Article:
3 thoughts on “While the World Crumbles, a Peruvian Boom

  1. So what can the US learn from Peru? According to Wikipedia “In 1990 the neoliberal government of Alberto Fujimori ended price controls, protectionism, restrictions on foreign direct investment and most state ownership of companies.”

    Neoliberalism is a nice way to say Reaganomics (i.e. a market-driven approach to economic and social policy that emphasizes the efficiency of private enterprise, liberalized trade and open markets to maximize the role of the private sector in determining the political and economic priorities of the state.)

    The US is going in the opposite direction by taking over banks and car companies and rewarding crony capitalists like GE through the tax code. By going down the dark road to social democracy we have diminished our prospects for employment, economic growth, personal wealth, and tax revenues.

  2. Hi Eric. Really interesting article. I think that an important factor for this crisis to turn into a large catastrophe is the fear. Look: when the crisis began to show its first signals, Alan Garcia (former peruvian president) used to say on TV with a big smile: “hey, nothing is happening. It’s just a little thing. Dear investors, keep investing in Peru. This is the perfect moment”. And he repeated it all the time, every day. And apart from that, the goverment started a very intensive program of construction of infrastructure.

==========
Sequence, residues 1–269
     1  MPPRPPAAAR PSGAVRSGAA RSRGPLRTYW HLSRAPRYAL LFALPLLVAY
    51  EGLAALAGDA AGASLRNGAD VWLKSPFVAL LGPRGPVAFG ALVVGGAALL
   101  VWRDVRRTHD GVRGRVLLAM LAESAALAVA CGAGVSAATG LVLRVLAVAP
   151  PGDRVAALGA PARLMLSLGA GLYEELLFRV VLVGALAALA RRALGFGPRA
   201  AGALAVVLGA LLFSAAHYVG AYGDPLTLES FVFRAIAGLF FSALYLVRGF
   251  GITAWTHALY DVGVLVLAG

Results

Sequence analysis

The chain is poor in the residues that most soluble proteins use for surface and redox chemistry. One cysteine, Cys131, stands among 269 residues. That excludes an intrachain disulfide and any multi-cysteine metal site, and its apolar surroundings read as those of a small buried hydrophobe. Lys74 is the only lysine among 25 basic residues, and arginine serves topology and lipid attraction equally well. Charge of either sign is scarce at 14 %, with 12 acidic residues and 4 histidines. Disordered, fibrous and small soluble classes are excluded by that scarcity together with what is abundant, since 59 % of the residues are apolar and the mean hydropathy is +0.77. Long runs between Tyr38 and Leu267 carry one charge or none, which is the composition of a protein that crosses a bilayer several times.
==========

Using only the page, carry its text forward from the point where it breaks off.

Everyone regard Alan Garcia as a person with a powerfully convincing speech (almost like a snake charmer, otherwise he wouldn’t have been elected president after his catastrophic first period in the 80s), and it seems his words worked very well with investors.

    On the other side, if you’re an investor and you hear the president of the most powerful country (Obama obviously) giving a speech with a face taken from a funeral and saying that everything is going bad, it obviously has a negative impact.

    I agree with Christhopher: taking the US to the opposite direction has diminished the prospects of growth of the US.

    Apart from that, you’re right: poverty in Peru is still a huge problem, but fortunately. According to UN statistics, 54.8% of the population was under the line of poverty in 2001, and now it’s 30%, as you said. We hope that new president keeps following the same policies in economy that the country has been following in the last two decades.

    Finally, I’d like to recommend you these two web pages:

    This one is one of my favourites and I read it very often. It publishes good articles related to the development of the country (economics, infrastructure, etc)

    News from Peru in English. Its founder is a Danish guy that fell in love (with a peruvian girl and with Peru).

  3. Pingback: #OccupyWallSt Has Arrived. So Where’s #OccupyLima? | Roving Reporter